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The forex price action of most Loonie pairs has kinda decoupled from falling oil prices recently, due to the BOC’s decision to maintain rates contrary to the expectations of most forex traders and market analysts.

USD/CAD 1-Hour Forex Chart
USD/CAD 1-Hour Forex Chart

But the fun on the Loonie train may not be over yet since we’ve got two top-tier economic reports coming our way this Friday.

1. CPI

Statistics Canada is expected to release its CPI readings this Friday (Jan. 22, 1:30 pm GMT). But before that, let’s take a look at the previous readings.

  • Headline CPI m/m: -0.1% vs. 0.1% expected, 0.1% previous
  • Headline CPI y/y: 1.4% vs. 1.5% expected, 1.0% previous
  • Core CPI m/m: -0.3% vs. 0.0% expected, 0.3% previous
  • Core CPI y/y: 2.0% vs. 2.3% expected, 2.1% previous

As y’all can see, the CPI readings for the November period were pretty disappointing since the headline reading printed a 0.1% month-on-month decline while the core reading printed a 0.3% monthly decline.

The headline reading did look better on an annualized basis, but the core reading, which presents a stronger case for the underlying trend, saw a downtick from 2.1% to 2.0% when most forex traders were expecting the core reading the advance by 2.3%.

For the upcoming CPI report, the consensus among most market analysts is that the headline reading will deteriorate on a monthly basis due to the recent slump in oil prices, but the annualized reading will continue to climb.

Both the monthly and annualized core readings, meanwhile, are expected to have a repeat performance of the previous month. The expected readings are as follows:

  • Headline CPI m/m: -0.3% expected, -0.1% previous
  • Headline CPI y/y: 1.7% expected, 1.4% previous
  • Core CPI m/m: -0.3% expected, same as previous
  • Core CPI y/y: 2.0% expected, same as previous

Unfortunately, there are only a few leading indicators for Canada’s CPI, but Canada’s Industrial Producer Prices Index did print a 0.2% decline during the November period after a 0.5%$ fall during the previous month.

And that may carry over into the month-on-month CPI readings for December, especially since consumer-related items (namely food) saw large drops. Meat, fish, and dairy products, for example, were down by 1.5%, which is “their largest decline since September 2008.”

Also, commentary from the December period PMI report from Markit/RBC warned that “Anecdotal evidence suggested that strong competition for new work had resulted in renewed price discounting at the end of 2015.

At the same time, overall input price inflation eased sharply to its weakest since January, despite continued upward pressure on costs from the weaker exchange rate.”

2. Retail Sales

Statistics Canada will also be releasing its November period retail sales together with the CPI report. Talk about a double whammy! Anyhow, let’s review the retail sales readings for the October period first.

  • Headline retail sales m/m: 0.1% vs. 0.4% expected, -0.4% previous
  • Core retail sales m/m: 0.0% vs. 0.4% expected, -0.4% previous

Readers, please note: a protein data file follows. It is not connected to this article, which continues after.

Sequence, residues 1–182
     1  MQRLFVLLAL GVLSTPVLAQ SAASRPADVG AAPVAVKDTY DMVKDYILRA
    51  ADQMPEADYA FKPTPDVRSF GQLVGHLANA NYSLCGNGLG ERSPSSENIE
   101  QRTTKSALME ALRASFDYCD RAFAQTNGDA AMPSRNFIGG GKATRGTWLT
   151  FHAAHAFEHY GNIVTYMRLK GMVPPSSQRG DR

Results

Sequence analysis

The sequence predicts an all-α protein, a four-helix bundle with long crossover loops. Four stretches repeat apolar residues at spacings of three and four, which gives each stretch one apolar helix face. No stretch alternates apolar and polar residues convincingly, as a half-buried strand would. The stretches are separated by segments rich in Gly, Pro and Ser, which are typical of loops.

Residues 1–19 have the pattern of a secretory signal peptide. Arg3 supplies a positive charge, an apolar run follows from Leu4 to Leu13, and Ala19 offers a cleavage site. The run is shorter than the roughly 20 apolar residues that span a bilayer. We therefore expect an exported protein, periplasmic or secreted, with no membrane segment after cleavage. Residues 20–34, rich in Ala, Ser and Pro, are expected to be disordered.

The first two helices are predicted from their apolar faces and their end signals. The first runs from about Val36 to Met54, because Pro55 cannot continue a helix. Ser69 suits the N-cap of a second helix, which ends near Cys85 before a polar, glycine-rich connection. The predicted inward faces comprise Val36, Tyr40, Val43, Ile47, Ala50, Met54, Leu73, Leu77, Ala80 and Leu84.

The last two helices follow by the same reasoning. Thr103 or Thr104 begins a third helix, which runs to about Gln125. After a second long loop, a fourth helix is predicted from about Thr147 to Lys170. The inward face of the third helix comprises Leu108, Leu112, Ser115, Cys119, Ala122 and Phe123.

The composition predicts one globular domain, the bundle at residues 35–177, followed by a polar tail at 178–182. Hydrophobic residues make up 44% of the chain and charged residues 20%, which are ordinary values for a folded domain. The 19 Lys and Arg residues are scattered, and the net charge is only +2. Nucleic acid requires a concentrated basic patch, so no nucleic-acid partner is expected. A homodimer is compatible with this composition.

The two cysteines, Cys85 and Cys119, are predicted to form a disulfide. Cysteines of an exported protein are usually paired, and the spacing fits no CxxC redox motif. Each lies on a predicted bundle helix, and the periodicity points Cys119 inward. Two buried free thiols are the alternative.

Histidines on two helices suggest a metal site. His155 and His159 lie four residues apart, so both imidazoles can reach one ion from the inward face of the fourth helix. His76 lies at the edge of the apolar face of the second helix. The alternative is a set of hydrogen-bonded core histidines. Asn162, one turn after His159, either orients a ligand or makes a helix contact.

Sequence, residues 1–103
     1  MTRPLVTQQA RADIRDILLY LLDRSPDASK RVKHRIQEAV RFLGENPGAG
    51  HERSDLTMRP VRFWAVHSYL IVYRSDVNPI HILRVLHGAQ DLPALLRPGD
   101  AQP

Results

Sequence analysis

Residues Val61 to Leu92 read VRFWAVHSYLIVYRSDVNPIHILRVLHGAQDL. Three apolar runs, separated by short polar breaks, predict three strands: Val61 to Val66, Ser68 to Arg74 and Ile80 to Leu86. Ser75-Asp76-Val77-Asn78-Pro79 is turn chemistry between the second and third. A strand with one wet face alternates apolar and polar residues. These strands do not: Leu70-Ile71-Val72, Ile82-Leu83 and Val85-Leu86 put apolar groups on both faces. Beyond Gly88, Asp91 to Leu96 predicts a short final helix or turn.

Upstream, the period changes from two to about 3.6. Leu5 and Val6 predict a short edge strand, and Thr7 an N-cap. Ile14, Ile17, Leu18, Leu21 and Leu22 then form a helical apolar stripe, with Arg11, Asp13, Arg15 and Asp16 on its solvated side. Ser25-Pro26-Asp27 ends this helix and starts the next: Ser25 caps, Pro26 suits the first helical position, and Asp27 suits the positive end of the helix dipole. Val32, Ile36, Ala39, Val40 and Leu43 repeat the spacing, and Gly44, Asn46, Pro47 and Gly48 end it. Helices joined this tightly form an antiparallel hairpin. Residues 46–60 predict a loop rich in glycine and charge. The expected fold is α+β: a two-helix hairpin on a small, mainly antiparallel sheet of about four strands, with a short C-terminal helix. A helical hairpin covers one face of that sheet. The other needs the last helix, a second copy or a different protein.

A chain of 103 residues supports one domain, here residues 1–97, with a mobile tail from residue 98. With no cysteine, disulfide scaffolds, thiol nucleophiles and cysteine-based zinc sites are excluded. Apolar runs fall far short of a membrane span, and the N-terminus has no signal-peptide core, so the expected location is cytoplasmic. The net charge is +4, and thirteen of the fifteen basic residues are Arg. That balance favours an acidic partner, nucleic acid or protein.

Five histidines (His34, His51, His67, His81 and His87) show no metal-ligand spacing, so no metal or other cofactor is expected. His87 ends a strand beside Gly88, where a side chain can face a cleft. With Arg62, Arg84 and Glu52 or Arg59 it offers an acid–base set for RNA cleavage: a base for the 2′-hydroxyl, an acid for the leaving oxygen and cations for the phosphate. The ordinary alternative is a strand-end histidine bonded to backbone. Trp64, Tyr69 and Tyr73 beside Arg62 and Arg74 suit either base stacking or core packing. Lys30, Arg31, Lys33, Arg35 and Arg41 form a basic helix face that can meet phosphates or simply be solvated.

Well, both the headline and core readings failed to meet the market’s expectations, but both readings also managed to beat the previous readings, which is good.

Clothing stores (+1.8%) and shoe stores (+1.8) led the way, but Canadians were probably not eating well (or planting their own food) since the value of retail sales in all food and beverage stores was down by 1.2%.

Do note, however, that both retail sales readings refer to the total retail sales value. In terms of sales volume, retail sales actually declined by 0.3%, which is kind of bad.

Anyhow, the consensus for this Friday’s retail sales reading for the November period are as follows:

  • Headline retail sales m/m: 0.3% expected, 0.1% previous
  • Core retail sales m/m: 0.4% expected, 0.0% previous

Our primary leading indicator for retail trade is (quite obviously) wholesale trade. And wholesale trade during the November period jumped by 1.8% after a 0.5% contraction during the previous month.

According to the report, “The motor vehicle and parts subsector recorded the largest gain in dollar terms in November, with sales rising 4.8% to $10.0 billion.” It, therefore, makes sense that both the headline and core retail sales readings are expected to increase.

Final thoughts

Both the CPI and retail trade reports will be released at the same time, which kinda complicates things if the reports conflict.

Personally, I think a downbeat CPI report has been priced in already since the BOC did warn in yesterday’s Monetary Policy Report that “Total CPI inflation is expected to remain well below 2 percent through 2016.”

However, the BOC’s accommodative monetary policy is meant to facilitate a “reorientation of the Canadian economy toward the non-resource sector,” and retail trade is a major component of that since retail sales are the primary gauge for consumer spending.

And consumer spending, in turn, is gonna help keep the Canadian economy afloat while it undergoes this “reorientation.” In short, I think the retail sales report is gonna have more weight between the two, assuming the two reports conflict.

How about you? Which of the two reports are you gonna focus on? And how do you think the reports will turn out?